I have a book of mathematical puzzles -- The Moscow Puzzles, edited by Martin Gardner -- and I'm struggling to make sense of the following puzzle. It seems utterly simple, yet the solution given seems completely wrong. Here's the puzzle and solution verbatim.
42. Tell "At a Glance"
Here are two columns of numbers:
123456789 1 12345678 21 1234567 321 123456 4321 12345 54321 1234 654321 123 7654321 12 87654321 1 987654321
Look closely: the numbers on the right are the same as on the left, but reversed, and in reverse order.
Which column has the higher total? (First answer "at a glance," then check by adding.)
The columns don't look like they have the same sums, but look closely: comparing digits, nine 1s match one 9; comparing tens, eight 2s match two 8s, and so on. Check by adding -- the sums are equal.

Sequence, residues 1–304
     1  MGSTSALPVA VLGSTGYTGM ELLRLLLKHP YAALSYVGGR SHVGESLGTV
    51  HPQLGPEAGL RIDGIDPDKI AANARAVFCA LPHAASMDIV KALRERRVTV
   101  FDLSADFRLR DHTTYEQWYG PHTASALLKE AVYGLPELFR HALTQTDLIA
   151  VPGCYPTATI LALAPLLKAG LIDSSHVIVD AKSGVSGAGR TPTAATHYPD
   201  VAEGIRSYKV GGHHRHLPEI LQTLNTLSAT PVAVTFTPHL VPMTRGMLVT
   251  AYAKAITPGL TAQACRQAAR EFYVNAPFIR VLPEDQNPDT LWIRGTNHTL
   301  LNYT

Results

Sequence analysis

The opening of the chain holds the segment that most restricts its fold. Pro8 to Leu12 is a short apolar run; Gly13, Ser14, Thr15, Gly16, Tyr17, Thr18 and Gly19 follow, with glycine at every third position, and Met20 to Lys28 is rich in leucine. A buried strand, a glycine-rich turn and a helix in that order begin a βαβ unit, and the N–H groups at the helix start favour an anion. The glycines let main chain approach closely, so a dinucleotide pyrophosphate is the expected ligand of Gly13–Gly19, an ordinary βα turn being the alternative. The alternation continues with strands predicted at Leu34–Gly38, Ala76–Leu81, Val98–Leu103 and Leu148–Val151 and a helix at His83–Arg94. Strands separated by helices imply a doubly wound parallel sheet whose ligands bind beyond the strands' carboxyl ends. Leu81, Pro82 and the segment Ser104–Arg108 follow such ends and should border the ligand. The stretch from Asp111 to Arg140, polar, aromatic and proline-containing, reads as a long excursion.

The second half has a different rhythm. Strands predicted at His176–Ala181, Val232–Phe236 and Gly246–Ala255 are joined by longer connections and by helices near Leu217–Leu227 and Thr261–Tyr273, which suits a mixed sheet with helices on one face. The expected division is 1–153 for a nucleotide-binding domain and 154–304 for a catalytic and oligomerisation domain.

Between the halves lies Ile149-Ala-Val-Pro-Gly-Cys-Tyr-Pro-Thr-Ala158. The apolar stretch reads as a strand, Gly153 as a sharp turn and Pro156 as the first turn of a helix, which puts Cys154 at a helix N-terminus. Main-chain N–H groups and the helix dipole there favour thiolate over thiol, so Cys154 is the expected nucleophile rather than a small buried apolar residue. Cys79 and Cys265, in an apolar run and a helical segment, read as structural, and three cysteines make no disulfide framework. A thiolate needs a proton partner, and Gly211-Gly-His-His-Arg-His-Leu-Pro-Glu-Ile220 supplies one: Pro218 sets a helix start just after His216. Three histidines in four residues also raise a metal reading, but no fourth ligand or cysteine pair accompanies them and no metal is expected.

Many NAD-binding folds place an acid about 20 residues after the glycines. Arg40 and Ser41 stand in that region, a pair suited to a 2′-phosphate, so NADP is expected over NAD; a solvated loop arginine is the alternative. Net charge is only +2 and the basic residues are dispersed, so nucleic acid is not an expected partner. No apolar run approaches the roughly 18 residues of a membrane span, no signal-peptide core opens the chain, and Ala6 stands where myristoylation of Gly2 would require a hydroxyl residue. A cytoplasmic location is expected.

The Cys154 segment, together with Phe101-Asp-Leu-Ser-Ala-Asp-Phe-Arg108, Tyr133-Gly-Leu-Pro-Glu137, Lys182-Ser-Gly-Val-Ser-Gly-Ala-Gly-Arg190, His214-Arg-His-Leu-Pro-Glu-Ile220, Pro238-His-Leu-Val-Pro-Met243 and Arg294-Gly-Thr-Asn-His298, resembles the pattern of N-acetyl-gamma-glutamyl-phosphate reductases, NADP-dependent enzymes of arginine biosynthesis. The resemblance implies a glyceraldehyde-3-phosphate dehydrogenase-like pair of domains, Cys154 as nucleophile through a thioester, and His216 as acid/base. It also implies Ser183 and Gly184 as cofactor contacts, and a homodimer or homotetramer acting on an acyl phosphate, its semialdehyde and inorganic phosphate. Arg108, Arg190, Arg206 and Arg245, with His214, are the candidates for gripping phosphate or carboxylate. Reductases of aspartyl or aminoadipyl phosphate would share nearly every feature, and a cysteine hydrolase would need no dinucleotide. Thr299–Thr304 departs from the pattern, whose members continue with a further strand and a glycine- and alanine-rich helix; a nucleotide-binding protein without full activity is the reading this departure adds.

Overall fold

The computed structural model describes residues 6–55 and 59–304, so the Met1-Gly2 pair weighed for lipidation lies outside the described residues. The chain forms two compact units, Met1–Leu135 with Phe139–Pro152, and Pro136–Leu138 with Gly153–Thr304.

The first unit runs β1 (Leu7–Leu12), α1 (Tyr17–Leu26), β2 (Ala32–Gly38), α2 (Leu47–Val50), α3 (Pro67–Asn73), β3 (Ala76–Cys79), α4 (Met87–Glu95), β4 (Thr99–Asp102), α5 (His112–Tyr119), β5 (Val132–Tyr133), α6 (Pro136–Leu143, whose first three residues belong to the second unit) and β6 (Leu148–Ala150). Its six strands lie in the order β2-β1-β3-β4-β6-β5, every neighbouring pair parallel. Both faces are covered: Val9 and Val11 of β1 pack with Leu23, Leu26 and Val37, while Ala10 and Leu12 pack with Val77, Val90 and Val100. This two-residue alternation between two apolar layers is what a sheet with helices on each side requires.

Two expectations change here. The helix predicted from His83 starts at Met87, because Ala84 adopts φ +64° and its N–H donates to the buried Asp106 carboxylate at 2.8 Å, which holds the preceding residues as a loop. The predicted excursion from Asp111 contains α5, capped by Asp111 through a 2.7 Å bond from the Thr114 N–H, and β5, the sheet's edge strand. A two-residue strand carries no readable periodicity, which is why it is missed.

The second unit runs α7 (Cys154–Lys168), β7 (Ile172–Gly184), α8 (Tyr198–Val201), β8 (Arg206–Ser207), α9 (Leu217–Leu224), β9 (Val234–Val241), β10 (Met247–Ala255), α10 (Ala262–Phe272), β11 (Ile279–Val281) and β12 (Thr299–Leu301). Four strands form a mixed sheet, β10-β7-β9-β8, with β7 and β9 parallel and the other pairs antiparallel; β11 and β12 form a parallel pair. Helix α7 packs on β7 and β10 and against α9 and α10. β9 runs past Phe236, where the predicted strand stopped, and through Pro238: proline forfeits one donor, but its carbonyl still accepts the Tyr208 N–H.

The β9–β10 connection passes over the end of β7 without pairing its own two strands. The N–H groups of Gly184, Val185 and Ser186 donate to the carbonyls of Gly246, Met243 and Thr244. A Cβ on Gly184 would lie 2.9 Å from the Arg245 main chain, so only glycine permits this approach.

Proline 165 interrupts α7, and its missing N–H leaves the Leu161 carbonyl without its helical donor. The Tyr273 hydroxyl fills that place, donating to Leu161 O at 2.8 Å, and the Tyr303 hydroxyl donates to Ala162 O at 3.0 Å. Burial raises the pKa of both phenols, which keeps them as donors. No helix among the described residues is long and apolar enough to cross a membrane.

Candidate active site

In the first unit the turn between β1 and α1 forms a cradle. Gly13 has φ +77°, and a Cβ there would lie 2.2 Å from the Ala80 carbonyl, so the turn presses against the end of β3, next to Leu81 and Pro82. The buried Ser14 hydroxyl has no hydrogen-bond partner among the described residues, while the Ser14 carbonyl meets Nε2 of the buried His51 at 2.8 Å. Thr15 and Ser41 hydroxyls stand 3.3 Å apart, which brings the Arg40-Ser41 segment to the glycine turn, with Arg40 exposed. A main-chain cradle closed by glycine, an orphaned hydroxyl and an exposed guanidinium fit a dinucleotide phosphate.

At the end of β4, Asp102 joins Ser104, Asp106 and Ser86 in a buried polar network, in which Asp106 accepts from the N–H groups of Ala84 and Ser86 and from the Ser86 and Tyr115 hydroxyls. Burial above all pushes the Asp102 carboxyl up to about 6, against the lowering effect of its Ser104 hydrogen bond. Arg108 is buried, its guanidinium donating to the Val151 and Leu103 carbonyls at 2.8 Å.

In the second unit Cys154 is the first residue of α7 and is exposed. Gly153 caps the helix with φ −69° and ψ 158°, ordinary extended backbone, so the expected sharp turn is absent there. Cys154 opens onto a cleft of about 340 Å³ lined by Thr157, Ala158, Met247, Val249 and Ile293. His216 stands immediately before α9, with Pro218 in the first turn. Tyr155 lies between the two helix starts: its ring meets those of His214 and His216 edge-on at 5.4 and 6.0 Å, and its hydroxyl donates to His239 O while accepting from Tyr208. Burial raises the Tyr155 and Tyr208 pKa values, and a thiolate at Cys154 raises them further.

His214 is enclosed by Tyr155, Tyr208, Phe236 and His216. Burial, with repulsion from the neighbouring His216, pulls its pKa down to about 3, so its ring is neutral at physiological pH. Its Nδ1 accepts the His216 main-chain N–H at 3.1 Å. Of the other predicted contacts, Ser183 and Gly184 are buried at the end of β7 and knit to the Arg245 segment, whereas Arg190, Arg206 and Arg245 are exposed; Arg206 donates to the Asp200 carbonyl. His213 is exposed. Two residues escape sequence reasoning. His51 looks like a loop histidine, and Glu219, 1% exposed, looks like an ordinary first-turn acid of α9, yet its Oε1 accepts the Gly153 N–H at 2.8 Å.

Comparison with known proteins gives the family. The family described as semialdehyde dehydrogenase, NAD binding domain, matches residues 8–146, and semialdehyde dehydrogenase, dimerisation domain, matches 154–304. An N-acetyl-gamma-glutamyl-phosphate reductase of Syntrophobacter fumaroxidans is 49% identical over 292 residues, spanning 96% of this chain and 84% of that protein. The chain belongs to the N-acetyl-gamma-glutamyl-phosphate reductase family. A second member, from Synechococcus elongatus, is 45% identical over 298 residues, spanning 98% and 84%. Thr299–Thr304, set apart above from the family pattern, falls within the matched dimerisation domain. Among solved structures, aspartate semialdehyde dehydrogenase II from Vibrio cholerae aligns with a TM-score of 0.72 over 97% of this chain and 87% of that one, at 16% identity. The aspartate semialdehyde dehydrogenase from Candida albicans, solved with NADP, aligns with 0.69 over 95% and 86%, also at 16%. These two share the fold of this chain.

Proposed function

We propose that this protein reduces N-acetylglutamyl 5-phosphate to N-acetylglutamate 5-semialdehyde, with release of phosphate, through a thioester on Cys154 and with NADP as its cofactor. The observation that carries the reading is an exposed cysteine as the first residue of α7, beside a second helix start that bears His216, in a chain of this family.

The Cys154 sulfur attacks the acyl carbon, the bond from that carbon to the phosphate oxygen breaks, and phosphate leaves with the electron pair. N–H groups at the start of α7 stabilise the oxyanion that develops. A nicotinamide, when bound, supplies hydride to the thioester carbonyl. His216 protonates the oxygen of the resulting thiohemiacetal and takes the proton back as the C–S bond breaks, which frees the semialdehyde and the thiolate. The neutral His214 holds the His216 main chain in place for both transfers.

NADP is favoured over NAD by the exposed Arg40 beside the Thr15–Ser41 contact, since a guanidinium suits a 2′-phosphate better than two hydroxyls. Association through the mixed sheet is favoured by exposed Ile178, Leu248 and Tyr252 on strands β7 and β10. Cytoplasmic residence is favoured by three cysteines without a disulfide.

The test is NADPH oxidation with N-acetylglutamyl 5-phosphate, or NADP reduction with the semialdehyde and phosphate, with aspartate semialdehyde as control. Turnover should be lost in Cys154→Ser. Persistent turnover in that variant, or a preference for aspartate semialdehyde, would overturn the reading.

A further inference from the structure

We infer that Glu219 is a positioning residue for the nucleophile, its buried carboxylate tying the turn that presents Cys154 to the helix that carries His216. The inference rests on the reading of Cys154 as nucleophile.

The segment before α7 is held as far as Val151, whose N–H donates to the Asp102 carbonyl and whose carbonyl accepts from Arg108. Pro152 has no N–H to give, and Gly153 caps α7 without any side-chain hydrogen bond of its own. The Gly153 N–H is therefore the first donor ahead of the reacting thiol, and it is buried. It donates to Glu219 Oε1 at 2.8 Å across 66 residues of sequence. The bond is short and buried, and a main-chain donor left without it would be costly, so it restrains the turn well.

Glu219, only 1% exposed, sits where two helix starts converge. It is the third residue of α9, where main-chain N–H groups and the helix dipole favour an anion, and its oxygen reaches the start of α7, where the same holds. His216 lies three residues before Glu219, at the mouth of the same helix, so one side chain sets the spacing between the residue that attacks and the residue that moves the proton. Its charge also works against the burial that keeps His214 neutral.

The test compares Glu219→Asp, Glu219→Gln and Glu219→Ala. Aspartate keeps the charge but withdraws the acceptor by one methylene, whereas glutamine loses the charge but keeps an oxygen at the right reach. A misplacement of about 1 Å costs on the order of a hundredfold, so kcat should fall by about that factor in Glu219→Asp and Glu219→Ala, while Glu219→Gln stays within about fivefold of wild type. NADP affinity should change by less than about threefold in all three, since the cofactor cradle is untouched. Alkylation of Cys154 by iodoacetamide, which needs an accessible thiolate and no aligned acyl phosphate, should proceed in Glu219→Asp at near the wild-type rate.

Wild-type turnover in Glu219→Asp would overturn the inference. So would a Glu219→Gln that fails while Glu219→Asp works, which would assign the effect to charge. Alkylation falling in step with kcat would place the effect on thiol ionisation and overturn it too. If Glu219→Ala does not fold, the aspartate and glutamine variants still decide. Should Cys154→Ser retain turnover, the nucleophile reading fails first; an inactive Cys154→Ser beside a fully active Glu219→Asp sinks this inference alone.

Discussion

This solution seem totally wrong. The sum of the left column is 137174205, which is less than the value of the last number alone in the right column. We can also tell this without adding simply by flipping the order of left column: 1 matches 1, but 12 is smaller than 21, and ditto all the way down the remaining numbers. Also, when the solution says "comparing tens, eight 2s match two 8s", the eight 2s are indeed in the tens column, but the two eights are not.
Can anyone interpret the puzzle in a way that makes any sense? It's a pretty well-know puzzle book, for such a glaring error to get through.